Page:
Rainy Day

On the hard, Clinton River MI, and waiting the passing of rain, not that rain is a thing to stop one from doing what must be done, but this is a time to sit below and reflect on a life of going to sea and how boats have shaped that life.  I think I’ve never seen such a concentration of pleasure boats in my life as up and down the shores of the River Clinton.   It seems every inch of the riverbank is devoted to boats in one way or another, mostly moorage.  They call them “wells” here, with signs proclaiming “Boat wells starting at $399”.   What aren’t in the wells are parked ashore, waiting.   My kind of place!

This brings to mind the adage “many boats, few sailors”.   I ponder it and ask this question  “OK, what is a sailor anyway and when does someone become a sailor?  When did I become a sailor?”  (Mariner, seaman, engineer and yachtsman …lets include them and make no distinction based on prejudice of vessel or billet filled.  I’ve know some seaman better sailors than some captains and some captains that would make you the best deckhand you’ll ever have, in turn.) 

Comparisons are useful but never quite accurate.  Can I say I’m a sailor compared to Captain Lem?  Never!  But he does remain my role model.  “What would Captain Lem do?” helps me find the right answer. 

The Captain had a pig and chicken tattooed on his feet.  “Well, Tommy, ya see” he said “a pig never drowns and a rooster never falls.”  Ok, it worked for him, but for me, I’ve gone to sea one way or another for 45 years yet never felt it necessary to get a tattoo.   I will admit that long ago before it became fashionable, when I sailed with The Captain on the Schooner LISTER, I did try to pierce my ear with a sail needle and wear a gold earring,… but it got infected and swelled up so I gave it up PDQ and never tried that again.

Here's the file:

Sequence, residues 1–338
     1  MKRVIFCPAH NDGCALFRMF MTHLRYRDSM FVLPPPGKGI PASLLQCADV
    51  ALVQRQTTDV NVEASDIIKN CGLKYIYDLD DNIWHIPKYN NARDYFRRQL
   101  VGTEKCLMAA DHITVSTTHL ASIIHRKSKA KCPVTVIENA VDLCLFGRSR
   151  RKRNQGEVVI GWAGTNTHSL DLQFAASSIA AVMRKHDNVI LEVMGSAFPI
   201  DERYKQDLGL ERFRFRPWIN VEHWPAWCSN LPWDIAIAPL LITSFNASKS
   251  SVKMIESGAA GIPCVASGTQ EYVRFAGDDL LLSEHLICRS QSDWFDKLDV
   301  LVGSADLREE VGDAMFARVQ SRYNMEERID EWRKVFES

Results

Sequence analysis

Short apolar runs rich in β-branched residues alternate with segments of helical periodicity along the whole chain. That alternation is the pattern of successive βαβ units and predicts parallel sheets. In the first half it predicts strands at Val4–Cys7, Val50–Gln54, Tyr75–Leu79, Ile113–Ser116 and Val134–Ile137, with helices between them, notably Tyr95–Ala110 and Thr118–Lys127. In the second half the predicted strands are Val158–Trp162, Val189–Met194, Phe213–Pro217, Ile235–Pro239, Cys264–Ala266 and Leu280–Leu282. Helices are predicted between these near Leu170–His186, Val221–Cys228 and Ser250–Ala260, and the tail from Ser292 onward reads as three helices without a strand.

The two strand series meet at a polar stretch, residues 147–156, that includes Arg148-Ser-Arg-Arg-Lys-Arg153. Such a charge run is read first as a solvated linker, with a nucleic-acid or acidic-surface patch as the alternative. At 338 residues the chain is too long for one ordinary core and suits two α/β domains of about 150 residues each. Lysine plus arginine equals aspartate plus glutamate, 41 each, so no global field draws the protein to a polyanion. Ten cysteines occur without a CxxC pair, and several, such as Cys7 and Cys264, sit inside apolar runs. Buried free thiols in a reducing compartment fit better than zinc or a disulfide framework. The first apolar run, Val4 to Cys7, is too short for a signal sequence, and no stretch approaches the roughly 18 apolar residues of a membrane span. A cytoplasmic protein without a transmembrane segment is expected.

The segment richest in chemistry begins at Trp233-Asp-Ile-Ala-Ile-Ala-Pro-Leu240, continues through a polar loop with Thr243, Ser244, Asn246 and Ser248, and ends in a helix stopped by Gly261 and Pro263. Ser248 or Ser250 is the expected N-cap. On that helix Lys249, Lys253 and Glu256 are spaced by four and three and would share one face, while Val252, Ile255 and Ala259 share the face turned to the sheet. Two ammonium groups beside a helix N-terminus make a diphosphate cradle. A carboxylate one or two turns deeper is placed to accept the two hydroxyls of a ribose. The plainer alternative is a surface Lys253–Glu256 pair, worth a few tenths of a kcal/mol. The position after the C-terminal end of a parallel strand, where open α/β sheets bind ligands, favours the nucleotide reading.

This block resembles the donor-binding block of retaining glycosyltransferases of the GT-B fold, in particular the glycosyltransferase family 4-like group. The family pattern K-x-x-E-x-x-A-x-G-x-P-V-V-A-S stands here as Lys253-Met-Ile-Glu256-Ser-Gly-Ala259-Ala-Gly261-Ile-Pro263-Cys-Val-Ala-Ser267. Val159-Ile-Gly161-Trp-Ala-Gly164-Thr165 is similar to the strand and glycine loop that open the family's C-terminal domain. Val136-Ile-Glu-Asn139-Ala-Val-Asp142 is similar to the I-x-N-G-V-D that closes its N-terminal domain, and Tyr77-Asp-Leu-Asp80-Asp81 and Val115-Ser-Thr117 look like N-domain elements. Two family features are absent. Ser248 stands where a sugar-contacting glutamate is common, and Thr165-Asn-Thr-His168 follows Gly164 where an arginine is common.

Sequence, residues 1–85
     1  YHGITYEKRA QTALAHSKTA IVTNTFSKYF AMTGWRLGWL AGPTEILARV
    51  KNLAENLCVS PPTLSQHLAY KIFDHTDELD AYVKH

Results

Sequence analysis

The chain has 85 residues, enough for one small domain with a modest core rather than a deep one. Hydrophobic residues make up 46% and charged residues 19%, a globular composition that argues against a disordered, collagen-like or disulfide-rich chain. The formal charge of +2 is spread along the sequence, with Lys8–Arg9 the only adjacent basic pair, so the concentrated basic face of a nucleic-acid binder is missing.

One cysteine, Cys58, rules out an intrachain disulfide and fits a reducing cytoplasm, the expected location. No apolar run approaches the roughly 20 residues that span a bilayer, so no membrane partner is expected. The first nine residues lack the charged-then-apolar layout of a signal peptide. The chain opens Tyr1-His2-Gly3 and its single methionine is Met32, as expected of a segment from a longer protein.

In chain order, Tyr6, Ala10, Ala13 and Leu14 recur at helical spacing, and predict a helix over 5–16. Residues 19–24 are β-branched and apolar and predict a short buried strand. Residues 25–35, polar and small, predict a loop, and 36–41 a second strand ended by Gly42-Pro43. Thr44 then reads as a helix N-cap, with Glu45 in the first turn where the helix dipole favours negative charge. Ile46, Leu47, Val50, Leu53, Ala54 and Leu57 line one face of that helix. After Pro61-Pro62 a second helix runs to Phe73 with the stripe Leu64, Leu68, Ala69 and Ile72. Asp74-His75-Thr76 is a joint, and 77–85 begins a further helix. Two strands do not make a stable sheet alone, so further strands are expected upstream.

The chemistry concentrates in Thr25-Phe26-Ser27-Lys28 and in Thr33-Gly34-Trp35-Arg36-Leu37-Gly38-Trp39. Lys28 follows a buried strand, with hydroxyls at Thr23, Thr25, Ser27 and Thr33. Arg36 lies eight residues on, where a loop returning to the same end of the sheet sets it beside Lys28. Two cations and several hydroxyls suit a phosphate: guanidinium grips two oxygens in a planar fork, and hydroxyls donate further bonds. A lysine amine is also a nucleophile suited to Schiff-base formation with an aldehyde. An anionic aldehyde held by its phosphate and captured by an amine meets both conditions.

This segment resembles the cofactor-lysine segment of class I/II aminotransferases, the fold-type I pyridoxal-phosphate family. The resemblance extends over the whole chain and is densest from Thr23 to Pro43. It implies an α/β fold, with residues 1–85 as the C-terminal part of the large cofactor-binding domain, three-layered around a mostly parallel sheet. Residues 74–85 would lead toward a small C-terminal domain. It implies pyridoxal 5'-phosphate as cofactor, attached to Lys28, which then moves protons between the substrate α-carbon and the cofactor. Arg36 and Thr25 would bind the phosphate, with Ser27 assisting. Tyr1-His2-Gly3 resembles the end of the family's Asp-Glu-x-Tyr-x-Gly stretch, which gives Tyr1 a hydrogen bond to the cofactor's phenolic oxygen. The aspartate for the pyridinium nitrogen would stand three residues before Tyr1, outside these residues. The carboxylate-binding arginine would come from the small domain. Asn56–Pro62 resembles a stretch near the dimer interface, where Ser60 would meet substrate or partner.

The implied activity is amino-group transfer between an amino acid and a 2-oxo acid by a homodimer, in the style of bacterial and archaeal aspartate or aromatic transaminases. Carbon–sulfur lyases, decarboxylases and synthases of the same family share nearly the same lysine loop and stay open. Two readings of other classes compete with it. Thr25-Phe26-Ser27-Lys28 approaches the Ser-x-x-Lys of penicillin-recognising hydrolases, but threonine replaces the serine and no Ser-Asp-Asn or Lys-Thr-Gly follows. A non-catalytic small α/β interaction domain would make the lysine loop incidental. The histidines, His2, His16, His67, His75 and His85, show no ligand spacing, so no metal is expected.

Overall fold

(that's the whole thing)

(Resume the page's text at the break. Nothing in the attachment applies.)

No, it’s not tattoos and earrings that make a sailor, though they do make it easier to recognize one in a crowd at the airport.  Is it rum drunk?  No, let me state right here, right now, drunk and sailor are not synonymous.  So what is it that separates the seaman, the mariner, form the guy who just happened to have enough money to buy a boat?  I have deduced two things.   They are sea-miles, lots and lots of sea-miles, and desire.  When you have some of one and lots of the other, then it will not matter what you call yourself; seaman, sailor, mariner, fisherman, waterman, boatman or yachtsman.  It will not matter the size of vessel or whether the water is fresh or salt, ocean, sea, river or lake.  It will not matter whether you are male or female.  You will know you are a sailor when in your heart you know you are a sailor.  And it is a fine, noble and good thing to be.

It’s time to put the boat back in the water.

"Tiny" Ben Saint

"Tiny" Ben Saint

Josh Landry

Josh Landry

4 Responses to “Rainy Day”

  1. Toni Shaffer says:

    Hi Tommy,

    I have read every word you have written on this trip and enjoy it so much. I think you are bringing vicarious pleasure to so many of us. I get a thrill everytime you mention Daddy and especially what he meant to you. I feel he is sailing with you and he will tell your story to all the angels in heaven. God bless you.


  2. Eve says:

    Still reading every day…sad sad about the Edmond Fitzgerald. Went kayaking today..what peace!

  3. unstranger says:

    You write excellent guides. Start the book.

  4. bob hollingsworth says:

    Greetings Tommy, The Bellingham gang continues to follow your exploits with keen interest. Being a mid-west sailor your trip brings back many memories. Nine of my buddies and I when we were 14 years old launched the mighty 24′ WW 1 lifeboat named Miss Carriage into Lake Michigan and several years of epic trips began. As documented by the USCG our sins and transgressions greatly surpassed your malfunctioning anchor light.

    So, here is to fair winds, maintain a firm grip on the tiller and keep that machine pointed north. Best to you and hello to Tiny and Josh.

    During the first 2 weeks of July I’ll be doing a gig on Chisik Island in Cook Inlet, Alaska at a 1920 vintage cannery which holds promise of another fine event.